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Family of Blacksburg homicide victim trying to come to terms with his death
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Family of Blacksburg homicide victim trying to come to terms with his death

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BLACKSBURG — Jerry Paul Smith didn’t like to leave his family hanging.

The 40-year-old Blacksburg resident was always quick to return a phone call from his immediate family. They began to suspect something was amiss when Smith didn’t answer repeated phone calls on Tuesday.

That concern didn’t prepare them for the call they received from the Blacksburg Police Department later that night to inform them that Smith had been found dead in his apartment in the 100 block of North Main Street in downtown.

The state medical examiner’s office has since said that Smith died from a blunt force injury to the head and listed the manner of death as homicide.

Virginia Tech freshman Ismemen David Etute, 18, who was a linebacker on the football team, was arrested Wednesday morning on a charge of second-degree murder. In a brief court appearance Thursday, he was appointed an attorney, Naomi Huntington of Radford.

On Friday, however, Radford lawyer Jimmy Turk said he is now representing Etute. He said he still is familiarizing himself with the case but called it “heartbreaking.”

Turk said that he deplored any apparent killing, but that his client seems to be an exceptional young man who came to Virginia Tech on a full scholarship and had never been a problem for anyone before.

On Friday, a spokesperson for the family said they are trying to come to terms with whatever happened. Smith has an older brother and was close with his nephews, who nicknamed him Gigi.

“We are so at a loss at everything that’s going on,” said the spokesperson, who requested anonymity based on fears of online harassment. The family has been dismayed at the speculation about the case they are seeing on the internet, the person said.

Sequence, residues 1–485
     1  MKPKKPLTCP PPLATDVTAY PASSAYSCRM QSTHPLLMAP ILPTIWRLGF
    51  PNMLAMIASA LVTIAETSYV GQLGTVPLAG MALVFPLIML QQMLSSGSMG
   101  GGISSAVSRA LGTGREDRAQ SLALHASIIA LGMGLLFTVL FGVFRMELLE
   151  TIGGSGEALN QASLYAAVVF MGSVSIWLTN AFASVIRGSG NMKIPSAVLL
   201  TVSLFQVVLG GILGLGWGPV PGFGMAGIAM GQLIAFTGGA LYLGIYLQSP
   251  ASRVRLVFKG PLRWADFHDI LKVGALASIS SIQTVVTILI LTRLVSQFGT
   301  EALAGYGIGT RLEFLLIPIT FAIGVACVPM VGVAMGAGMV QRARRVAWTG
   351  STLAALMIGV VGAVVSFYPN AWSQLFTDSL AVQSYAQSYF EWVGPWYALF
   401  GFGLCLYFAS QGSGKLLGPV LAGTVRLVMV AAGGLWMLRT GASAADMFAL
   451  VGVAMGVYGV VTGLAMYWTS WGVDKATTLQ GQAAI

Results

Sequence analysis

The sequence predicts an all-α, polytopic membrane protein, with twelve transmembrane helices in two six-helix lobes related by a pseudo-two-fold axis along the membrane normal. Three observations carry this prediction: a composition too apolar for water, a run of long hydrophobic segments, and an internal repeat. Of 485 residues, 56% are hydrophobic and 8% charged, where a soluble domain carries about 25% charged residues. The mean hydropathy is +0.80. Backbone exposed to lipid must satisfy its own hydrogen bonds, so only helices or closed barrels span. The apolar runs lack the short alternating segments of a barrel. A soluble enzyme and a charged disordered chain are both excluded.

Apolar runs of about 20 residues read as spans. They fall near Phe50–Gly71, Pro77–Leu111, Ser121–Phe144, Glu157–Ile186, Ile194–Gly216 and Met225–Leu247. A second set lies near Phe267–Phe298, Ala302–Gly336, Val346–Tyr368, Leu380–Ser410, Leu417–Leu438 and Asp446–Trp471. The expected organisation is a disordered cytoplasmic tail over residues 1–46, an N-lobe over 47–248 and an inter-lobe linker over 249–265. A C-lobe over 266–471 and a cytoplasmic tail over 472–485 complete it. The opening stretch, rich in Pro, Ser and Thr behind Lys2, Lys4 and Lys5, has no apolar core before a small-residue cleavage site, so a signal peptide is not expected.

“There are horrible stories out there,” the person said. “At the end of the day, no matter what he did or didn’t do, nobody deserves what he got. Whatever happened gives nobody the right to react that way. I’m sorry, it just doesn’t.”

Smith has a lengthy legal history, with charges over the years in Montgomery, Loudoun and Fairfax counties, including driving under the influence, reckless driving, public intoxication and filing a false police report, as well as charges that were dismissed. But the family didn’t know anything about that, the spokesperson said.

“We know nothing,” the person said. “I’m going to be honest with you. We know nothing about that. There’s been nothing said to us about it by the police or anything.”

The family spokesperson described Smith as a proud, openly gay man with a passion for working in the restaurant industry. In recent years, Smith worked at Centro Taco Bar, Black Hen and D.P. Dough in downtown Blacksburg.

“He was so proud,” the person said. “Everybody knew he was a gay man. He did not like women. He was very proud of who he was.”

The family hopes he wasn’t targeted because of that.

“Regardless of what he did, he did not deserve this,” the spokesperson said. “He was maybe 112 pounds soaking wet. He wasn’t a threat to nobody. He wasn’t a threat to a fly. He wasn’t a dangerous person. Nobody has a right to take someone’s life. Whatever happened should not have happened.”

Staff writer Mike Gangloff contributed information to this report.

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